Functions of the education system in England and W
Sociologists and political thinkers don't necessarily agree on the functions of the education system, however, some themes do emerge from most of the public policy. This is that education should:
- Provide opportunities for children. Marxists tend to put more emphasis on equality of opportunity than functionalists would.
- Sort children in terms of their ability to learn, providing the correct type of educational opportunities. Functionalists would prioritise this function.
- Prepare children for adult life, also known as vocationalism.
- Help children become active participants in society, living a healthy and productive life.
Socialisation and education
Emilie Durkheim said the education system was an important agency of secondary socialisation. Its primary role was to ensure social stability so that society could be well-ordered with different people filling in the appropriate roles, causing society to survive. Functionalists say education bridged the gap for children between the close personal relationships of family life, it was their first introduction to a less emotional and more universal relationship to adulthood. They'd be intoduced to shared cultures of their society, learning their place in the social world. Marxists see this socialisation as part of brainwashing children into accepting inequality.
The National Curriculum is a basic outline of what you need to know about your own culture. Much of the education that takes place within nurseries and primary schools is concerned with teaching children to interact with peers, teaching them the basic rules of social interaction, as well as more formal skills.
Economic functions of education
There's a strong link with the idea that children need skills for employment, vocationalism. Society requires a workforce with advanced skills to allow it to develop economically. Durkheim and other functionalists suggest that schools ensure students are equipped with a wide variety of skills which are needed by the economy of the country. Talcott Parsons said schools allocate roles to the more talented, the education system has a sorting and sifting function. This is known as meritocracy. Marxists are more critical, they see education purely in terms of reproduction of class inequalities.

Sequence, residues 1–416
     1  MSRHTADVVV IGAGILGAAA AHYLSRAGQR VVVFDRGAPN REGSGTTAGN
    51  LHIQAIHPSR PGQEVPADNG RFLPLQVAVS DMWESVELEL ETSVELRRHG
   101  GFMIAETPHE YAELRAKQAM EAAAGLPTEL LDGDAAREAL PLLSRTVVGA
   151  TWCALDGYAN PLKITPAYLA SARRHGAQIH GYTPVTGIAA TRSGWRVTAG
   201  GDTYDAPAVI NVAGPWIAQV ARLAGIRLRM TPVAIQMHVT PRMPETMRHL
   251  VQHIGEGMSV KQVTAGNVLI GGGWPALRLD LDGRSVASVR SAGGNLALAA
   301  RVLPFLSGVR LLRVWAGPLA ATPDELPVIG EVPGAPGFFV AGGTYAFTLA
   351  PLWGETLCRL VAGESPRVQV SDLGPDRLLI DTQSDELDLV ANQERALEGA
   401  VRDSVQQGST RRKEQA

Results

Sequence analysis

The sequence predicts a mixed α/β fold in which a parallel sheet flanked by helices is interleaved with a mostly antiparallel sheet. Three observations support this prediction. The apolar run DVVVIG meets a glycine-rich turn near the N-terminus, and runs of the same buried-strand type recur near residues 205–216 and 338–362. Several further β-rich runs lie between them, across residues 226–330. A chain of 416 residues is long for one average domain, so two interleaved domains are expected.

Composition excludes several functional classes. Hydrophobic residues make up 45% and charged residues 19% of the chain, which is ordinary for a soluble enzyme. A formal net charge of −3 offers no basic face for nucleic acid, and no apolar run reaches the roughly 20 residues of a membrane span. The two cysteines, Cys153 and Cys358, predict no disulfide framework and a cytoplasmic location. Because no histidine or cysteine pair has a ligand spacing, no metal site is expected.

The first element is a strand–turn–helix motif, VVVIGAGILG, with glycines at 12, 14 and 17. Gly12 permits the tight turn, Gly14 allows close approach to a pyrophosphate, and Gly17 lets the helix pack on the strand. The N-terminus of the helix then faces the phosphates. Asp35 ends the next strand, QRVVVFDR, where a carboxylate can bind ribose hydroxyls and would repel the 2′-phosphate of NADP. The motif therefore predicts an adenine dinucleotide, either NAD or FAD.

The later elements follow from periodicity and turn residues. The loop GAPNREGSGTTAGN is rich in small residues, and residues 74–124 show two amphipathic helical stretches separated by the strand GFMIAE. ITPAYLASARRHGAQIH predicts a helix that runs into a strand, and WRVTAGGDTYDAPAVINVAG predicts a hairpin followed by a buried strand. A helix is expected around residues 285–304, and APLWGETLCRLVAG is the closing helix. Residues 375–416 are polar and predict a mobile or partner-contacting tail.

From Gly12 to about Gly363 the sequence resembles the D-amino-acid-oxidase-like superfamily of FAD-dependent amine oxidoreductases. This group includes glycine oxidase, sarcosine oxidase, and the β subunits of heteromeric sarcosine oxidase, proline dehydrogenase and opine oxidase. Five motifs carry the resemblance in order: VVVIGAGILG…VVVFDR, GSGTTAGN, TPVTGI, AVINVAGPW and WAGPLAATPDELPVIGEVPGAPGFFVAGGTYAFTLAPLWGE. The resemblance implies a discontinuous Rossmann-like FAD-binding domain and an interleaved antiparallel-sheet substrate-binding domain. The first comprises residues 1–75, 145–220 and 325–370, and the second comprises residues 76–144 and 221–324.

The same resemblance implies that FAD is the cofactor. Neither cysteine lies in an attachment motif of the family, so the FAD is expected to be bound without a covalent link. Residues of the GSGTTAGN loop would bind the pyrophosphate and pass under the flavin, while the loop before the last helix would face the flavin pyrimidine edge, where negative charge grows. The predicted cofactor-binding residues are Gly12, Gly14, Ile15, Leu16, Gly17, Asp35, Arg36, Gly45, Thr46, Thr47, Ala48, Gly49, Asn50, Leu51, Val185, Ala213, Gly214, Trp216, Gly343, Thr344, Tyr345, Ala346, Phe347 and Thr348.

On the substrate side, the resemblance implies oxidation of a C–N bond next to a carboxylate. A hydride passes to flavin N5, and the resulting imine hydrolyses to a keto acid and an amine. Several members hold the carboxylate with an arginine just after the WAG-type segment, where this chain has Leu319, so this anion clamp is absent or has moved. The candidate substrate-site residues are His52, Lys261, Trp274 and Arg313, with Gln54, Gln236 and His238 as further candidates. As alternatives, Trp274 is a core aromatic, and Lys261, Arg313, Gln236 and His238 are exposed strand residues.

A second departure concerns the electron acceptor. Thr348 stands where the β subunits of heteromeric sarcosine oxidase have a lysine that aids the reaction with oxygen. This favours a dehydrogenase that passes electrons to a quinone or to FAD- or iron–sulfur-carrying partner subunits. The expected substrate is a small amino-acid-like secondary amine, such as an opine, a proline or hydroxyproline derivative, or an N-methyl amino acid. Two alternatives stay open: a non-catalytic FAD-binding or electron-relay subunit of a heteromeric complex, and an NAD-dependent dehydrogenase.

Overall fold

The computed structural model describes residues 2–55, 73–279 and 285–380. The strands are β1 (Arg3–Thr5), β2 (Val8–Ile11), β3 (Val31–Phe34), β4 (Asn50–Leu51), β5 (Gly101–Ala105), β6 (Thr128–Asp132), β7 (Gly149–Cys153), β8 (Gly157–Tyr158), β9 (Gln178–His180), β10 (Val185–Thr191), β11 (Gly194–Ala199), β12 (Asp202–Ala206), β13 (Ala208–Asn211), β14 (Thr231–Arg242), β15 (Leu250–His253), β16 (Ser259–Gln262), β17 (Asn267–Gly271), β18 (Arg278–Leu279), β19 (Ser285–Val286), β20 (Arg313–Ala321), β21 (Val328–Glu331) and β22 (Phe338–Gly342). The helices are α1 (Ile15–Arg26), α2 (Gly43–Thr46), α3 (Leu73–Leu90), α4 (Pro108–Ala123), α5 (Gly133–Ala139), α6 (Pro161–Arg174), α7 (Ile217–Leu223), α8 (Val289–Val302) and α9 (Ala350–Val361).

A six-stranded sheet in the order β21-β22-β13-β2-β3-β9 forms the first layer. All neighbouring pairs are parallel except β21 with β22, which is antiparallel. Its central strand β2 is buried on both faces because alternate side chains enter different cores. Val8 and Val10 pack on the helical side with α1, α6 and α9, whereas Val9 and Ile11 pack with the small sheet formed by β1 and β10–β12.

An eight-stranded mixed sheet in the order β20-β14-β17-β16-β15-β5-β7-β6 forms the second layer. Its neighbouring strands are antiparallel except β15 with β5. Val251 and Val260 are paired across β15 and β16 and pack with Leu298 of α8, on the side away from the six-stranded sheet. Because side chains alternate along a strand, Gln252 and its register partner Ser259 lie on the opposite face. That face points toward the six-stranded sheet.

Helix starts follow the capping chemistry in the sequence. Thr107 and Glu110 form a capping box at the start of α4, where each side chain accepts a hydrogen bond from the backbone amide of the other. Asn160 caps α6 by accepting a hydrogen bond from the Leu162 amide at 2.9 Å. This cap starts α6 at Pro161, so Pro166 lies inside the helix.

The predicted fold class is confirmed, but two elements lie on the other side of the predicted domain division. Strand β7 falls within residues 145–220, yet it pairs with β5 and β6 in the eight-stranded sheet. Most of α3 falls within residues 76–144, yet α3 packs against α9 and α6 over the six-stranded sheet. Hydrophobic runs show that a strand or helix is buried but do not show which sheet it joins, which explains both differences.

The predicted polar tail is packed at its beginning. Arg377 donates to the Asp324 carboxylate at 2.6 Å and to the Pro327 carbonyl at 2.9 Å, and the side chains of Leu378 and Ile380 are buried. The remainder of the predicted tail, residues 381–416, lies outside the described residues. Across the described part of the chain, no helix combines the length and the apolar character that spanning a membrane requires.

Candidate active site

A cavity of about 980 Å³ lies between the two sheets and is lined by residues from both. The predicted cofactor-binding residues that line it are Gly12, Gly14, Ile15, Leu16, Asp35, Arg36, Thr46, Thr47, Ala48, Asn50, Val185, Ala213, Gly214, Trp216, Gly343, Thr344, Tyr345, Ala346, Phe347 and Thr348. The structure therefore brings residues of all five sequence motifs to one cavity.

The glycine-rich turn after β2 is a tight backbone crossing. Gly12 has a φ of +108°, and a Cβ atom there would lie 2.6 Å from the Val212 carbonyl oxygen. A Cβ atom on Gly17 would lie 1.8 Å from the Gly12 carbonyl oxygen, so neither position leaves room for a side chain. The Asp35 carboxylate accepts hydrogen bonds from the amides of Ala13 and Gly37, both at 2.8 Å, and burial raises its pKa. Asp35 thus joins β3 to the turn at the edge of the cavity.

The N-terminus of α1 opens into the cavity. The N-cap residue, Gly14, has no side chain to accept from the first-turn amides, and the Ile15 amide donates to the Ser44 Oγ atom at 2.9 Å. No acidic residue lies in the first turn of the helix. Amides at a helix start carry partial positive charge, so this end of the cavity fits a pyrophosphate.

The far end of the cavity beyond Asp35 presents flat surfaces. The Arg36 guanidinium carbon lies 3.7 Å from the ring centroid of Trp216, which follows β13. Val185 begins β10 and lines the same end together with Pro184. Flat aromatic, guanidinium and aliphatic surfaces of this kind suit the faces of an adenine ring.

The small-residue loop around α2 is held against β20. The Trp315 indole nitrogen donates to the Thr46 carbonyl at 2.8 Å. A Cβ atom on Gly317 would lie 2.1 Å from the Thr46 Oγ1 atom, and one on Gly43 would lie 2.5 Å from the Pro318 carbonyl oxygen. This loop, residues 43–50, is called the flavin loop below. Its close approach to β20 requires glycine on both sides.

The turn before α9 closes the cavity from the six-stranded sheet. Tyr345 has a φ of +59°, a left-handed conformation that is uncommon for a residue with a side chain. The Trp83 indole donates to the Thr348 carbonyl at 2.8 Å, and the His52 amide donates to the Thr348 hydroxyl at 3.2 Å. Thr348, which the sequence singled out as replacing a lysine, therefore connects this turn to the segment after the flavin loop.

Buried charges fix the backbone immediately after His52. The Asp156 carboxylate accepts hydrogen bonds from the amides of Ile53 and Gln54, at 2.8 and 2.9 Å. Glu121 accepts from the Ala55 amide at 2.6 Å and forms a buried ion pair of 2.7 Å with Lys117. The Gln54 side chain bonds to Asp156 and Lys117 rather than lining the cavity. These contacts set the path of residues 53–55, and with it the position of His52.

There are two basic themes to all of your work within education. The first is knowledge, children are taught facts the governments feel that are needed. Students are also taught transferable skills, which help them within the workplace. A lot of education is focussed on encouraging children to learn more about work and careers.
Much of what happens in education is about social control. Children learn to follow rules and behave in a way in which schools require from them. Marxists such as Althusser believe schools form part of the ideological state apparatus, they teach the ideas of the ruling class. Children are taught to obey teachers, this reproduces the world outside the classroom where they'll obey their employers.
Durkhein, was very much in favour of very strict discipline in schools. His logical was that offenders affected the whole social group, so by strict punishment they'd learn to act in the interests of society. They needed to understand that offences have a major impact in society.
Durkheim sees the rules that pupils in schools are subject to as them reinforcing social cohesion and group norms. Marxists see them as part of the process of training children not to be rebellious.